Canada film industry urged to improve gender and racial diversity

Image copyright Chris Whyte Image caption Carolynne Cunningham is founder of Carosy Media, which works to close the pay gap for the adult film industry Canada’s film and TV industry needs to change its…

Canada film industry urged to improve gender and racial diversity

Image copyright Chris Whyte Image caption Carolynne Cunningham is founder of Carosy Media, which works to close the pay gap for the adult film industry

Canada’s film and TV industry needs to change its practices if it wants to be a more inclusive place for women and underrepresented groups, according to a new report.

The report recommends the country should make new government policies “neutral to gender and racial discrimination” and should encourage production companies to use the best talent they can to access federal tax credit investments.

The recommendations come from an advisory committee commissioned by Canadian federal cultural policy minister Mélanie Joly.

It is chaired by entertainment lawyer and former cabinet minister Ted Menzies, as well as a majority of industry representatives.

Billed as a “roadmap” to improve gender and racial diversity in the industry, the six-month study “calls on the federal government to take steps to improve the situation for Canadian creators and producers,” the committee’s report states.

Since she was elected to lead the Canadian arts policy-making body in November 2017, Ms Joly has said film and TV production companies in the country must abide by “commitments and to new rules around hiring and how labour markets should operate to the benefit of women and visible minorities.”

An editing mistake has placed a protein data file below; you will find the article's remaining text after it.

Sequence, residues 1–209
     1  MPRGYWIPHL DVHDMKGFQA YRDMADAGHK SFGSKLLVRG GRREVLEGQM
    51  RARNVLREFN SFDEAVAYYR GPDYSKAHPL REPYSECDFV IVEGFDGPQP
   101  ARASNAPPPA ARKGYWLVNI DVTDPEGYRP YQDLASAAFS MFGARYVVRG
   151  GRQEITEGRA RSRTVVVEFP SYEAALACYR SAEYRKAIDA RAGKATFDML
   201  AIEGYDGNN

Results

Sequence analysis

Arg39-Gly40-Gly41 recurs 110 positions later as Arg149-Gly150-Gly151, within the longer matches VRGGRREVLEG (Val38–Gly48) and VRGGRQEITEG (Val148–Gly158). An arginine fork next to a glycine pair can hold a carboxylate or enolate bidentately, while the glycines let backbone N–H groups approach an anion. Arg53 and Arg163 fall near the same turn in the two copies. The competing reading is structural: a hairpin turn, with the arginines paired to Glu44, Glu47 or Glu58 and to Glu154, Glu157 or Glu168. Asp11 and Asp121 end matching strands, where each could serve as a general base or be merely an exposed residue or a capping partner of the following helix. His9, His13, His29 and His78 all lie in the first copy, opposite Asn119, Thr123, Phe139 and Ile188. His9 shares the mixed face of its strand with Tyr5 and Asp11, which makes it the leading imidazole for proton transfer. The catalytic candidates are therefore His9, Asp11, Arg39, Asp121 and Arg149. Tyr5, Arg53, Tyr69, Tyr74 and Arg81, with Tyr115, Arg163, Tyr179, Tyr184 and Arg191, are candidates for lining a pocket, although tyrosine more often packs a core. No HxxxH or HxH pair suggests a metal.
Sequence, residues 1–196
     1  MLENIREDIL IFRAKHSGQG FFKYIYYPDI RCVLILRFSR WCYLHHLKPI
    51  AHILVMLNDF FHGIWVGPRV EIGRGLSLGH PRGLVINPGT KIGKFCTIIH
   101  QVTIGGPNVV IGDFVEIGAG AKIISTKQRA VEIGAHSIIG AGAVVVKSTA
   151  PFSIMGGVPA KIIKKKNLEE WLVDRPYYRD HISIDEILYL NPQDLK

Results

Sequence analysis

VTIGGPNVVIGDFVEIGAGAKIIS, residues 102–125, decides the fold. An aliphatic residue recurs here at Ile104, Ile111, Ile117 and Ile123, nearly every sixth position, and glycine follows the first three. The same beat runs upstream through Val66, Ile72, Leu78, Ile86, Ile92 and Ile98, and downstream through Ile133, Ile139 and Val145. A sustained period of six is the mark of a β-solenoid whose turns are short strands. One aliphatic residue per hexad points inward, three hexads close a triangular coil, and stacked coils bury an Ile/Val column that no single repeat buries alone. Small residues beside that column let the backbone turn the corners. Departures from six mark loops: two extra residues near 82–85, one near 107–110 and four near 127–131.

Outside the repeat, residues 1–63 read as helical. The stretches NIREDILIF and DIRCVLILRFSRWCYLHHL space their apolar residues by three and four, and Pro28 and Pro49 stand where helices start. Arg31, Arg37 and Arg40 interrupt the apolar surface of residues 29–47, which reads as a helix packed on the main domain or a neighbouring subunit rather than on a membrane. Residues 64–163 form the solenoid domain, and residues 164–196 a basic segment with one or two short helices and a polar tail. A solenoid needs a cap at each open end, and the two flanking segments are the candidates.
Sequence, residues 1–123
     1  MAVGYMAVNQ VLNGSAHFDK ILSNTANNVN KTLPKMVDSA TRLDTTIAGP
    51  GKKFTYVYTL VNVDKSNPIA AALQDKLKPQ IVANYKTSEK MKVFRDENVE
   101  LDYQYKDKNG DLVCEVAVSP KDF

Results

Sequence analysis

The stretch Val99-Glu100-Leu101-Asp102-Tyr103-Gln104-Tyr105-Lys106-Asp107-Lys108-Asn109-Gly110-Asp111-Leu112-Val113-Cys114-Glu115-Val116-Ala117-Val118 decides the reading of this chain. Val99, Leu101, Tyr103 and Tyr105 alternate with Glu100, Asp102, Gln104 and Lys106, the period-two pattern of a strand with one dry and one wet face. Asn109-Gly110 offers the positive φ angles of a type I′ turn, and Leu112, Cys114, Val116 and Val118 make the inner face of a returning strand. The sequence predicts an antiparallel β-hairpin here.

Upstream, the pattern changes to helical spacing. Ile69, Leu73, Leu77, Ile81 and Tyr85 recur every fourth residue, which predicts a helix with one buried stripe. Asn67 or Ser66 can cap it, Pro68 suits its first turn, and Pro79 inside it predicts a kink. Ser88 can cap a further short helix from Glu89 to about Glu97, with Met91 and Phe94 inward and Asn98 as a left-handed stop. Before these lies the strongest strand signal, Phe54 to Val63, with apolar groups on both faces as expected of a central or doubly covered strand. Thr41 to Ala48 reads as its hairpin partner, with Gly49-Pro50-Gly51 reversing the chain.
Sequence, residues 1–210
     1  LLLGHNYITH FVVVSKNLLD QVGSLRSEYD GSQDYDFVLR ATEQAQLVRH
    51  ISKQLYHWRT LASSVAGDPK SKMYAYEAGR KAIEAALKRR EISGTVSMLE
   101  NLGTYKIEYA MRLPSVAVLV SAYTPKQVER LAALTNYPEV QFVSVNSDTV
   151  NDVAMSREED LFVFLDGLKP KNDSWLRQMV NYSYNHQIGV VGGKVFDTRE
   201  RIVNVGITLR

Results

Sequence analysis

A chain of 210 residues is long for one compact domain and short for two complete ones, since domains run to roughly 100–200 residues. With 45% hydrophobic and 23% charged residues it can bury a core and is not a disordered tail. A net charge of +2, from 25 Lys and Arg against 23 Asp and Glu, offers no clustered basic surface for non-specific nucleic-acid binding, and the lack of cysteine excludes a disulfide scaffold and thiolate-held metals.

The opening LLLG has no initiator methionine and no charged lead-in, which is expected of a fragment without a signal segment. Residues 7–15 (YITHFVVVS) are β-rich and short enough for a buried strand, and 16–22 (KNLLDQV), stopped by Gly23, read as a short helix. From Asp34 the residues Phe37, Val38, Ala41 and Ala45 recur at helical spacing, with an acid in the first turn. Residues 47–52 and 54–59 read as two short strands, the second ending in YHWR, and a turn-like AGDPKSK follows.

“We know that whatever good intentions the government might have about equality and diversity for TV and film, there are three things we need to be concerned about right now,” said Jan-Marie Sirois, a former president of the CCF/NPA Independent Film Critics Association.

“One, what guidelines are they putting in place to ensure that the TV producers have been instructed to do a workplace training programme?” she asked.

“There is something which I would like to call the ‘New TV Academy’. These are people who have been hired to really learn about sexism, about racism, and it was not very well designed.

“What is the colour of the face?”

Image copyright Getty Images Image caption Kate Winslet at the 2018 Baftas, when the ceremony came under fire for a lack of diversity among nominees

It is not the first time Ms Joly has warned the industry, like the Baftas which hosted a lack of diversity on its nominations this year, on its shortcomings.

She previously blamed the “paucity of young Canadian voices” for Canada’s production a “scant” supply of diverse talent across TV, film and digital media.

All 20 of the category nominees in the 2018 Baftas were white men, up from 16 in 2017, and there were also no women nominated for acting honours.

Ms Joly’s representative from the movie industry, Robert Thompson, suggested it is because so few senior roles in film are occupied by people of colour that movie-makers do not feel they have to hire more women and/or minorities to work on the films they produce.

He suggested that ways of overcoming this could include a pay gap or first interviews being conducted by people of colour.

Those in the industry are hoping to find a better solution as the number of diverse players in the film and TV production spheres continues to grow.

The issue is set to be further highlighted at next month’s Canadian Film and Television Tax Credit Showcase, one of the main film industry events in the country.

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